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Amber Mac

Google+: Hits and misses Add to ...

Somewhere between Quebec City and Edmundston I got an e-mail from Google's PR rep inviting me to try the company's new social networking tool. Like most e-mails received on vacation, I ignored it for a few hours. While I always anticipated the search engine giant had something fabulous in the works to rival Facebook, I felt no urgency to log in (figuring it would take some time for Google+ to catch on).

Much to my surprise, the next morning my in-box was inundated with Google+ notifications. I had been included in posts, added to circles, and apparently I was not replying quickly enough. After playing with the social platform for the better part of the past week I have to admit that I like what I see. If you're an avid Google services user like I am, it's a natural fit to include a Facebook-like tool as part of the mix.

Here are a few things I +1 (ok, I mean, I like) about Google+ and a couple of things that aren't sitting pretty with me just yet.

1. A fluid user experience

After a decade or so playing in online communities, I think this overall experience is probably one of the best I've ever seen. Google+ makes it easy to jump right in and start sharing. Want to update your profile? It's a cinch to edit everything from your employment history to your relationship status in one spot. Want to chat with people on Google+? It's all neatly within your sidebars. From a design perspective, it's very squeaky clean, making Facebook's interface look a little dated.

2. Perfect little circles

Google+ contacts live in circles. While it sounds a little cutesy, it's extremely functional. Right now my biggest circle is Friends. I also have a couple of people in my Family circle. If you want to create a new circle, categorizing group of people on Google+ such as work colleagues, you simply drag and drop each person's profile into the newly named circle. If you want to delete a circle, it bounces up and down and then literally rolls off the screen forever. What I love about circles is how it allows you to visually put people you know into distinct groups. While other social networks attempt to do this, Google+ has nailed it.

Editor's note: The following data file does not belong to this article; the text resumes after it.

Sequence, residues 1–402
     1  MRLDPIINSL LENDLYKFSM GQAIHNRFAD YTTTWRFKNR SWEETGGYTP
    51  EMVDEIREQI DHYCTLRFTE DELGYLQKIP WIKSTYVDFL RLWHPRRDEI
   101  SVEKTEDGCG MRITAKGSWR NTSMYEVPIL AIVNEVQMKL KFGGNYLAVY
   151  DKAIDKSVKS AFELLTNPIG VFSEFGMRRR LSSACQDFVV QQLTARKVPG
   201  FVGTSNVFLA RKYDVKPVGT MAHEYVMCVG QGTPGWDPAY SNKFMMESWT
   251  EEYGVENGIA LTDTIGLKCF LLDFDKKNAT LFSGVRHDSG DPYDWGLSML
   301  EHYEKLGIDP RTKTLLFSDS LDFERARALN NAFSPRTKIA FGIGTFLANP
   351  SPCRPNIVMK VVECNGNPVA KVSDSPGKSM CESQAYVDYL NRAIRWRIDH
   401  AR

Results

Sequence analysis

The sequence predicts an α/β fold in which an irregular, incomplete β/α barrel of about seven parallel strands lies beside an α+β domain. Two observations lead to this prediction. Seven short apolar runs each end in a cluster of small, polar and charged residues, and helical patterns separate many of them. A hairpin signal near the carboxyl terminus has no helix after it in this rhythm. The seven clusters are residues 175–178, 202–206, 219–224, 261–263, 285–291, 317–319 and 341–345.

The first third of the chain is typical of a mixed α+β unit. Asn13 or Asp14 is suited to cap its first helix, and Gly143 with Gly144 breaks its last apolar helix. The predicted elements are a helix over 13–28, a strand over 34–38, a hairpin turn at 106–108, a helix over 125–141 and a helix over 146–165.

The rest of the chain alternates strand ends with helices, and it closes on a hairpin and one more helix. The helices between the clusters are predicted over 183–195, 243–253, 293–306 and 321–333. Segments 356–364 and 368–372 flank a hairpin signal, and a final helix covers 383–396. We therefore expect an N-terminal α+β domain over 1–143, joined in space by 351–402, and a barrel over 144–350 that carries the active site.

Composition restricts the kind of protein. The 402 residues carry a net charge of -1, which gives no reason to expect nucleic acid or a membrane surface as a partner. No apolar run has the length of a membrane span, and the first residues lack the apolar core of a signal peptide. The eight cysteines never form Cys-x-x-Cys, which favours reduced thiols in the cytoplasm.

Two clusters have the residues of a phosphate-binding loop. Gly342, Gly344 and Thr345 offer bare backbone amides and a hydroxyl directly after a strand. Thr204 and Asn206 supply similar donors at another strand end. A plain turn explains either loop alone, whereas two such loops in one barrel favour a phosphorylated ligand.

3. Sparks of interest

Although Google+ is very new, there is already a lot of content buried within. Just below your ongoing stream of content from your circles there is an option to create Sparks. This allows you to follow items of interest. For example, I'm now following conversations posted on Google+ about mobile marketing and social media. This quick filter helps me to get browse specific topics as quickly as possible.

4. Privacy made easy, mostly

Over the past couple of years there have been endless complaints about privacy settings within Facebook and beyond. One of the main criticism has been how some companies make it difficult to manage who sees what information. While it's still early for Google+, when you click on your profile image in the top nav bar there is a Privacy link that displays useful tips about how to protect what you're sharing. Even better, each time you post you get to choose what circle you're sharing information with (or if you want to make it public). There has been criticism about Google+ revealing that they plan to retire private profiles at the end of July. Unlike Facebook, which allows you to maintain a private account that won't show up in searches, Google+ will force you to keep some basic information, such as your name and gender, public.

5. A whole lot of noise

I'm only following about 50 or so people right now, but I'm still finding it hard to keep up with all the great content that everyone is sharing. Unlike Twitter, which forces a 140 character limit, Google+ posts and comments seem to go on forever. On my homepage right now I am seeing one post from a friend, with a description, and a few comments. This takes up a lot of screen space so I worry a little about how many updates I'm missing. Facebook's News Feed seems to make better use of space, but again it leads to a more cluttered look.

Follow on Twitter: @ambermac

 

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